Upstream from the green space, a small side canyon juts away from the arroyo. Next, we visited that dry grotto. In the rainy season, or during a thunderstorm, water pours over the edge of the mesa above, creating a Garden of Eden in the protected alcove below. When we were there, the pool at the bottom was dry and only one stressed out plant of any size was alive in the immediate area. Imagine that space in ancient times. Was it a bathing spot for early residents and visitors? With the profusion of the ancient rock art on the walls of the grotto, I could see that it was once a well-populated Author Craig Childs, In his element, deep inside Seven Mile Canyon, Moab, Utah - Click for larger image (http://jamesmcgillis.com)place.

That day, we spent our time looking, listening and writing, all in the lower reaches of Seven Mile Canyon. At one point, Craig Childs asked us take off our shoes and walk barefoot in the bottom of the sandy wash. “Just feel the Earth beneath your feet”, he said. My field notes from that day read as follows. “As I walk up canyon, I feel hard sand beneath my bare feet. Rather than enjoying my journey, I think about my destination. Will I know it when I find it, or should I just walk on? Now I look up from my writing place and realize that it is here, in this canyon, among these shimmering cottonwood trees that I do belong”.

Soon it will be time for me to look again upon Seven Mile Canyon. I plan to do so in May 2013. If you go, be prepared to spend three or four hours in the canyon. Even if you hike no farther up canyon than we did in 2008, your encounter with the Spirit of the Ancients will be well worth the effort.



Wednesday, March 6, 2013


My Book: "Walking Through Time" …a new kind of online novel.

Click a thumbnail below to enlarge the image.
Plush Kokopelli is the last and final Hostess Twinkies spokesmodel.Plush Kokopelli at the dollar slots, Atlantis Casino, Reno, Nevada.Plush Kokopelli wheels his personal ATM to his Suite at the Atlantis Casino, Reno, Nevada.Plush Kokopelli is asleep at the Atlantis Casino Resort Spa, Reno, Nevada.
Kokopelli Wins Big In Reno, Nevada
Click the map to drive to this location with Jim!
Reno, NV




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Kokopelli Wins Big In Reno, Nevada

Can the Superheroes Protect Greater Canyonlands?

Reno, NV, March 5, 2012 Author: Jim McGillis
Inside Wigwam #7 of the Cozy Cone Motel, it was late evening. Moabbey the Coyote sat intently before his Apple Power Mac G4 Cube. As the claws on his forepaws clicked over the keyboard, the 4-D chromatic-hypersphere display snapped into focus.

"You are not going to believe this," Moabbey barked over his left shoulder. "I think I located Plush Kokopelli. He is at the 4-Star Atlantis Casino Resort Spa, in Reno, Nevada."

As Coney the Traffic Cone and Silver Girl approached, the 4-D chromatic-hypersphere display automatically switched to reality mode. In no time at all, they traveled from Wigwam Village in Holbrook, Arizona to the Atlantis Casino floor in Reno, Nevada. From their new vantage point, the superheroes could walk all around Plush Kokopelli. However, Kokopelli's shift to the fifth dimension made it impossible to communicate with him. As the scene unfolded, all that they could do was to observe.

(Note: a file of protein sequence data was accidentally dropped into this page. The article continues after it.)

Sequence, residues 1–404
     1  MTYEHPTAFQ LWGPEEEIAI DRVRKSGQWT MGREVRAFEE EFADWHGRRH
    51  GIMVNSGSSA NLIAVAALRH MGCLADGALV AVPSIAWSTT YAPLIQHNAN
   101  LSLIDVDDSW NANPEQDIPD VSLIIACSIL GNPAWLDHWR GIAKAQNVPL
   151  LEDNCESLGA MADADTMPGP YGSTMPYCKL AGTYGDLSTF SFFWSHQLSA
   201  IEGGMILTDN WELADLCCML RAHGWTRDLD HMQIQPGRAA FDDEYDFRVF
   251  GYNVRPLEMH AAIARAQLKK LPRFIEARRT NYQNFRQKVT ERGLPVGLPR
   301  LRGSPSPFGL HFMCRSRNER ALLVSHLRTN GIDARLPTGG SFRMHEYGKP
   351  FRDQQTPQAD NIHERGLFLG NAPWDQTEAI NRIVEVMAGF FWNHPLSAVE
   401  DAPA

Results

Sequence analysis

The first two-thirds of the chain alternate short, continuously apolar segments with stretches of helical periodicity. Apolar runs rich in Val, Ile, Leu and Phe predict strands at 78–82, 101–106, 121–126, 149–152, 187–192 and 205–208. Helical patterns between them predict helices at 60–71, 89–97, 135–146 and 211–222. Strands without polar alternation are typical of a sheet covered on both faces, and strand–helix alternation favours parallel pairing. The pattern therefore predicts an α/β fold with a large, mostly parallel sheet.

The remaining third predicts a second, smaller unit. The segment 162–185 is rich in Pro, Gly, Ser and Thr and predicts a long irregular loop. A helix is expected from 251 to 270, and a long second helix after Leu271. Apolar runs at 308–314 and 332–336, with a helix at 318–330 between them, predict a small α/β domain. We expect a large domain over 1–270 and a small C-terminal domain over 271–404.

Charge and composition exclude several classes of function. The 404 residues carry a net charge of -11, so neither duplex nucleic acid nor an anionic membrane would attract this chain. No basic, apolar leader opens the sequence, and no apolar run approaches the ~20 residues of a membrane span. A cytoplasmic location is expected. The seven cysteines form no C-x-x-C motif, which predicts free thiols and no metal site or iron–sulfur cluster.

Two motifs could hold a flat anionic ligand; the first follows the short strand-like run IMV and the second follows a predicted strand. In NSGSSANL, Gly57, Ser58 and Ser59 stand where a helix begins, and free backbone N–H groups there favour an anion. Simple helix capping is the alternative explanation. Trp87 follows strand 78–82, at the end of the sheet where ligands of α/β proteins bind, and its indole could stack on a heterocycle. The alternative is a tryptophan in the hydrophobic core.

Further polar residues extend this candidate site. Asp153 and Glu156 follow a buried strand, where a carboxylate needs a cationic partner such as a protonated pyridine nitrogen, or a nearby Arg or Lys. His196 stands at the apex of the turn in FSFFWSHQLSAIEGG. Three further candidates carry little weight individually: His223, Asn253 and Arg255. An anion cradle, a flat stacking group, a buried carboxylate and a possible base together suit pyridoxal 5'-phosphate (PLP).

Watching Kokopelli feed silver dollars into a slot machine, Silver Girl asked, "Where did Kokopelli get all of that money? Last time I saw him, he was at Burning Man 2012, prematurely setting fire to the main temple."

Just then, Coney stepped in and said, "I know where Kokopelli got all that money. After all, Im his agent."

Plush Kokopelli, with a C.Proietto Amalfi Coast oil painting as backdrop was the last and final spokesmodel for Hostess Twinkies.

Plush Kokopelli - Last & Final
Spokesmodel for Hostess Twinkies

Moabbey turned to face Coney and Silver Girl. "Agent... You are Kokopelli's agent? Coney, I think you have been living off junk food again".

"Well, in a way you're correct" replied Coney. "When Hostess Brands was on the verge of bankruptcy, their Twinkies mascot... you know, the one with a cowboy hat and boots, jumped off their box and quit. Since Twinkies are one of my favorite foods, I called Hostess and soon enough, Kokopelli got the gig as their last and final mascot. And for my commission, I get a lifetime supply of Twinkies".

Moabbey looked down his long snout at Coney, standing below. "I hate to tell you, Coney, but Hostess took you for a ride. They shuttered their bakeries. There will be no Twinkies for your old age"

Looking over Moabbey's shoulder at the chromospheric display, Silver Girl interjected, "What about Plush Kokopelli? He is still at that slot machine, placing his bets".

"Don't worry about Kokopelli," said Coney. "Even if I never see another Twinkie, Kokopelli has plenty of cash. It seems that management at Hostess had been hording coins for years. When the banks closed their accounts, Hostess paid a spokesmodel fee to Kokopelli in silver dollars. There were bags of coins. In Reno, the Atlantis Casino is the last place in town that has actual dollar slot machines. See, Kokopelli is feeding silver dollars into the slot right now."

Plush Kokopelli using his silver dollar payout from Hostess Twinkies to play blackjack at the Atlantis Casino in Reno, Nevada
Plush Kokopelli - Atlantis
blackjack table, Reno, NV
Silver Girl chuckled. "Kokopelli already owns Moab Bank. With his luck, before the night is over, he will own the Atlantis as well. Look, he has moved to the blackjack tables and he is winning big."